Safety

Disable FWD Pillar Button When Child Protection Lock is Enabled

Problem: the child-protection lock for the falcon wing doors only prevents a child from opening the FWDs. It does not turn off the switch for purposes of closing the doors. Anyone with kids knows that this button is enticing! And they can easily touch the button with their hands or feet (by accident or on purpose).

 

Solution: Disable this FWD button on the pillar when the child protection lock is enabled.

Voting

6 votes
6 up votes
0 down votes

Safety

Disable Forward or Reverse When FWDs are Open

There are a lot of incidents where people damage or destroy their FWD because the door is open and the driver moves the car without realizing.

I thought it might be a good idea to have an option (on/off switch) that, when introduced, defaults to ON, where opening the FWD while in park means the car cannot be taken out of "park" until the door is closed. Probably only Park and Neutral, and both offer more significant... more »

Voting

9 votes
11 up votes
2 down votes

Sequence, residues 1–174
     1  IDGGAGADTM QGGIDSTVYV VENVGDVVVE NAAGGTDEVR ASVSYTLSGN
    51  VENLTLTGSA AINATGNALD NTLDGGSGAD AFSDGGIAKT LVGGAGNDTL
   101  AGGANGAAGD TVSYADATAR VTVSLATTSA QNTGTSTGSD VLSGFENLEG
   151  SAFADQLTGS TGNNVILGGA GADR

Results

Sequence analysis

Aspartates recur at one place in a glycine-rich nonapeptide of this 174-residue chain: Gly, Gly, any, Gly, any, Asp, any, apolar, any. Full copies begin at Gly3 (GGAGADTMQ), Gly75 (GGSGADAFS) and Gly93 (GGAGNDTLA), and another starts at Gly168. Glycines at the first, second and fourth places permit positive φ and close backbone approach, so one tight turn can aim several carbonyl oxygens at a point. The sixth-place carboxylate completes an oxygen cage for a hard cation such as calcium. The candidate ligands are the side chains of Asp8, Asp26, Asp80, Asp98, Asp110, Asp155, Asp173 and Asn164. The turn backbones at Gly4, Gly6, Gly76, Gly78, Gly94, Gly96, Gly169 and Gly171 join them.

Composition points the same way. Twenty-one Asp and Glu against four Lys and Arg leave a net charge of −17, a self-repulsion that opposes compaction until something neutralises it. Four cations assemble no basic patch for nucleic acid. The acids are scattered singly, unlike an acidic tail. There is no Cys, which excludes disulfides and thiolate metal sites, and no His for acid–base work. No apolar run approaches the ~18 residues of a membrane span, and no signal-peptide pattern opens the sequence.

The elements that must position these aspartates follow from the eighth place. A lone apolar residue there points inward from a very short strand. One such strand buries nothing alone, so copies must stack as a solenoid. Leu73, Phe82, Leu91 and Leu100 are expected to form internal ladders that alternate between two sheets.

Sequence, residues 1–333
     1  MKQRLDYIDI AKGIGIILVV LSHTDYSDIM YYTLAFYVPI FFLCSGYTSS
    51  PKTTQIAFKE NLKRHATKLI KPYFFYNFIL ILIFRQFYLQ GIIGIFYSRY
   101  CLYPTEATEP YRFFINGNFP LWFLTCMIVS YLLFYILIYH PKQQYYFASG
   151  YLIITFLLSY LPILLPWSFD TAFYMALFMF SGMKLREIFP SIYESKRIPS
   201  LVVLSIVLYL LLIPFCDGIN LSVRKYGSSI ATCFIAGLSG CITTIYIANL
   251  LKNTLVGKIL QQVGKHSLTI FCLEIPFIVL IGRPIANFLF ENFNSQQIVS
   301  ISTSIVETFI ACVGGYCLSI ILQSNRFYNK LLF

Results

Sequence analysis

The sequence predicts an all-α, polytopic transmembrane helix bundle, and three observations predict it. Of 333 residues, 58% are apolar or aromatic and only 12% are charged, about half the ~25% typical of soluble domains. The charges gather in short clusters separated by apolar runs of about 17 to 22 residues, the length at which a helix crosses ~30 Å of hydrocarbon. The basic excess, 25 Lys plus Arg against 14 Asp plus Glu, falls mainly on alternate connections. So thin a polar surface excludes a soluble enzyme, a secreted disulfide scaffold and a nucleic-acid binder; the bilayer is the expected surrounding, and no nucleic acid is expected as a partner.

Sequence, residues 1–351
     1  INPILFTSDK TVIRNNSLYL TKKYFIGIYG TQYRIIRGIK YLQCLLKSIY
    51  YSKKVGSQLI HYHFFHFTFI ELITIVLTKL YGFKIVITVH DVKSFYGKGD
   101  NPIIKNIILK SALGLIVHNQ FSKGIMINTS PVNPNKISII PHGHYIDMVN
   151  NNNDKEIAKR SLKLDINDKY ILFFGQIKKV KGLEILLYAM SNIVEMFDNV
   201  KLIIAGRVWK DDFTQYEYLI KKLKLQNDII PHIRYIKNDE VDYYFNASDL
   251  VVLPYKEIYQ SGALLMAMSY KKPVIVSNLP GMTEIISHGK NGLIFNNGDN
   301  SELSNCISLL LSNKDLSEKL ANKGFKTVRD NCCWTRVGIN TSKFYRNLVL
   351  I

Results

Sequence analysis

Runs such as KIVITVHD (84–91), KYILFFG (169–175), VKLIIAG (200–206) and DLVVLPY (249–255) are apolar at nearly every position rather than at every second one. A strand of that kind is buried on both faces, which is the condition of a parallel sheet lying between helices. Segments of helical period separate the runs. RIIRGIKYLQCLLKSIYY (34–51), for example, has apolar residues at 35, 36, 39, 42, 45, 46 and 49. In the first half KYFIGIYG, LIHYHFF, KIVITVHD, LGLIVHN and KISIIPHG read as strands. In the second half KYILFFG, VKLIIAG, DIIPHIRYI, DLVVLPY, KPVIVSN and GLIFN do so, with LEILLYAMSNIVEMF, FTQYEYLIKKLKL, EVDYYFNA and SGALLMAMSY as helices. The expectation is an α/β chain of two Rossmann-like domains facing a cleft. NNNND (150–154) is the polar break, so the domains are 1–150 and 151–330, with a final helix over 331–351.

Convenience

Request Firmware OTA Download Implemented

Background: There are more and more Tesla's on the road, and thus, putting a heavy strain on the LTE network when it comes to firmware downloads. Firmware downloads are prioritized for owners that have their vehicles connected to Wifi. As a result, it can take months before some owners receive OTA updates for their vehicles.

Idea: Create a feature to allow an owner to request a download of the latest firmware for their... more »

Voting

4 votes
5 up votes
1 down votes

Convenience

Start Climate When I Get Near My Car

Imagine its hot AF 🔥 out and you're coming back from the waterpark at the end of the day with your kids. Everyone is exhausted and pissed - its 110F outside.

When your Tesla mobile app notices that you are getting close to the car (say in the parking lot), the climate system is turned on and starts to cool down the crazy hot car to its last known temperature setting. Now you have a nice cool car waiting for you... more »

Voting

10 votes
13 up votes
3 down votes

Safety

detect when other drivers glance at you

We are hard-wired to detect the gaze of other humans, even in our peripheral vision. We use glances to communicate our need to for someone to pay attention - such as getting the eye contact of a driver when we are crossing the street, to ensure they see us and will avoid hitting us.

While driving, we often use glances to show displeasure at poor driving, hoping another driver will get the point (possibly with the... more »

Voting

-2 votes
3 up votes
5 down votes